By James Pinnell on October 22, 2014 at 11:55 am
When you’ve been overseas for a fairly long time, you start to yearn for something more familiar. Not cane sugar Coke, Tim Tams or any of that rubbish, but the basic elements of social interaction that genuinely make you feel comfortable. Deep inside the Alps about 10 years ago, homesick and lonely, the Byron Bay-born bartender at my hostel became my best friend for three hours.
Hearing a genuine Australian accent within 20 minutes of starting Borderlands: The Pre Sequel instantly gave me a rapport with the game that only a few thousand other people would share. For once, there was regional humour, slang, and jokes in a game that weren’t painfully ripped out of a failed Crocodile Dundee script, and I fully appreciated all of the touches that said “Yes, this game was made in Australia, by Australians, and we should be proud of that”. But The Pre-Sequel is the sum of all its parts, and I wouldn’t be a very good critic if my entire review was simply an acknowledgement of the fact that 2K Australia exists, would I?
By Tim Colwill on October 21, 2014 at 2:31 pm
The Evil Within is a lot like being a teenager again. The world is full of rules that you have to follow, but all around you people are constantly breaking them and flaunting it in your face. You can use a hatchet to kill a bad guy, but then it breaks instantly for some reason. Enemies shoot at you with guns, but you can’t pick up their guns because they disappear when they’re killed. If you use a torch to burn an enemy’s body, it disappears. But if you don’t burn the body, it’ll come back to life and kill you. Oh, you hesitated and thought about it for too long. Now you’re dead.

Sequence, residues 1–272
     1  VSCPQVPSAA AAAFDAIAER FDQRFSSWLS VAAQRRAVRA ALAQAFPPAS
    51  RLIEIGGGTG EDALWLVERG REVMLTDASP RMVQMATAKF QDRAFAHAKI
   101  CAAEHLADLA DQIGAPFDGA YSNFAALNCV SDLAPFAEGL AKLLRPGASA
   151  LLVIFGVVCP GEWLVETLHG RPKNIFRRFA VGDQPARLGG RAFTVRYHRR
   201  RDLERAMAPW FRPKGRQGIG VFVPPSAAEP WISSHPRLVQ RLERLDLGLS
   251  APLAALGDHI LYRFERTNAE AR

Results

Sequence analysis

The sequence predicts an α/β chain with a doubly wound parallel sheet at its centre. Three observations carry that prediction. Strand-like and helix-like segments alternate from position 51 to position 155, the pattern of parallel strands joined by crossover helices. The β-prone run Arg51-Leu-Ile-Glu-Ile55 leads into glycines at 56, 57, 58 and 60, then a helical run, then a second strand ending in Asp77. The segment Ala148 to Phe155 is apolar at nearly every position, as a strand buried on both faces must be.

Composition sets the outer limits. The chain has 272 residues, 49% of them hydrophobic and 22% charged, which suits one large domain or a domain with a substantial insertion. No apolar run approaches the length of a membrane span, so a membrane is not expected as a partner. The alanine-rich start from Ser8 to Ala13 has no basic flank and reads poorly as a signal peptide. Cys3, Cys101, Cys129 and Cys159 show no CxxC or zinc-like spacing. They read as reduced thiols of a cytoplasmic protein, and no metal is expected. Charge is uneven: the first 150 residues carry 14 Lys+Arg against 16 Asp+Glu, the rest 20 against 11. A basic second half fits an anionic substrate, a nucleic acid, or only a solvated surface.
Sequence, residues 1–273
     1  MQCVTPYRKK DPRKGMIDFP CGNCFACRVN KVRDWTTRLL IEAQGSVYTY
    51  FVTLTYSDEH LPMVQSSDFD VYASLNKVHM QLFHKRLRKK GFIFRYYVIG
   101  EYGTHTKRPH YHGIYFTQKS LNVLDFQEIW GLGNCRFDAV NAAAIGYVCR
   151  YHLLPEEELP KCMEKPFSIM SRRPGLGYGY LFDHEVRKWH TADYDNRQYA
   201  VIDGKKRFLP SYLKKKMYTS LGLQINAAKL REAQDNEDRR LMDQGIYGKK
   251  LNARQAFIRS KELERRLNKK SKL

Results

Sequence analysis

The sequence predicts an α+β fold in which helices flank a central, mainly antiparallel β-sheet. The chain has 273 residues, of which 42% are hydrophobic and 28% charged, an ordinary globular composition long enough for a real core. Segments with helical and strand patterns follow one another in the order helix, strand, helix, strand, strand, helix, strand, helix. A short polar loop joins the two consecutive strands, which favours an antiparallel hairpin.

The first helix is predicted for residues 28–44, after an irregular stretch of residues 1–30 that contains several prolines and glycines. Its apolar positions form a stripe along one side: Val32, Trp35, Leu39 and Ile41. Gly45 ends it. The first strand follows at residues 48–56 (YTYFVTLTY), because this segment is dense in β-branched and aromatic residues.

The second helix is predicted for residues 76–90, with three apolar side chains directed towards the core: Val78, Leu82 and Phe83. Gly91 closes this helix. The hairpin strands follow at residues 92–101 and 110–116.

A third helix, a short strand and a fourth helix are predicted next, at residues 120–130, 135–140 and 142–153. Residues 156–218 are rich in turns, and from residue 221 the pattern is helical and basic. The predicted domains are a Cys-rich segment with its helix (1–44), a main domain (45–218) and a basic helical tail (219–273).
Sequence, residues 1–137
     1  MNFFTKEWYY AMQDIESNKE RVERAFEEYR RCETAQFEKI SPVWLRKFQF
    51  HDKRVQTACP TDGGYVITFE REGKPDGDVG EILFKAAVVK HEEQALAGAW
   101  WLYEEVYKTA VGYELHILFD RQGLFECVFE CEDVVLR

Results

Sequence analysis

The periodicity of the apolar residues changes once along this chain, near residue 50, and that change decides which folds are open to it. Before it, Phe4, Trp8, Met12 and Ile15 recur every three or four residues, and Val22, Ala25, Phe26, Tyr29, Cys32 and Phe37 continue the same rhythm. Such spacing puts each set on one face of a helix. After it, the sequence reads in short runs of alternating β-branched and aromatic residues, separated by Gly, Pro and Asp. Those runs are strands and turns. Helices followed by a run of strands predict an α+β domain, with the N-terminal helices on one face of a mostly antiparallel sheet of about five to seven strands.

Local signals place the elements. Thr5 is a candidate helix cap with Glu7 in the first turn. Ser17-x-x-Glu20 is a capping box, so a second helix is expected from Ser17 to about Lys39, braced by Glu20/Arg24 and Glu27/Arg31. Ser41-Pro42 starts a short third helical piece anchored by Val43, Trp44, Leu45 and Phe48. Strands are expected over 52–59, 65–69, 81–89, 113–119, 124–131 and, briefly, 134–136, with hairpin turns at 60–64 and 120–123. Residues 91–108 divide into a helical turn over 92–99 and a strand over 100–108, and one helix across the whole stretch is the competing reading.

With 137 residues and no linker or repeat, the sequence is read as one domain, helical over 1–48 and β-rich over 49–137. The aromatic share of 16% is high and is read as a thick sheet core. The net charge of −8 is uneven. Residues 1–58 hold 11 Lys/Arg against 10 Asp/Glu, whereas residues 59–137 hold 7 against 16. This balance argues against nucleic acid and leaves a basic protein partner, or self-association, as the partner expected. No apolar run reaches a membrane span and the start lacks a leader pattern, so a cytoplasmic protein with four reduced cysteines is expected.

The Evil Within is not really a game. It’s sort of an interactive punishment simulator.
By Tim Colwill on August 29, 2014 at 1:37 pm
When it comes time to make a point about an important issue the tool I usually default to is humour, or satire, because I find it’s easiest to change people’s minds if you can make them laugh along with you. A lot of awful things have happened this week, and in the week before, and I’ve tried a few times to think of a clever way I could write them up while still getting the point across that, hey, things are really bad. I can’t. So here we are.
By John Robertson on August 26, 2014 at 11:16 am
BioWare Austin — now best known for Star Wars: The Old Republic – is trying to do something very different to what they’ve done before. Shadow Realms is an episodic, 4 versus 1 dungeon crawler that might even be free-to-play come its 2015 launch. Taking a risk.
The idea, though, is an interesting and commendable one. Inspired by pen and paper RPGs of the Dungeons and Dragons mould, Shadow Realms aims to put the rules and the design of player-to-player conflict back into the hands of the participants and away from the designers. The ‘Shadow Lord’ is controlled by a single player, with the goal of destroying four heroes… think of him like a Dungeon Master, the person that dictates the pacing and the difficulty of the challenge facing the four.
By Tim Colwill on August 19, 2014 at 4:38 pm
Now don’t get me wrong. I’m not a heterophobe — I know plenty of straight people in real life, and they’re all kind, good, loving souls. But I feel like we have to draw the line somewhere and say: does every game really need to have a token straight character? It’s like, we get it: you’re attracted to the opposite sex. Wow. What an interesting character trait.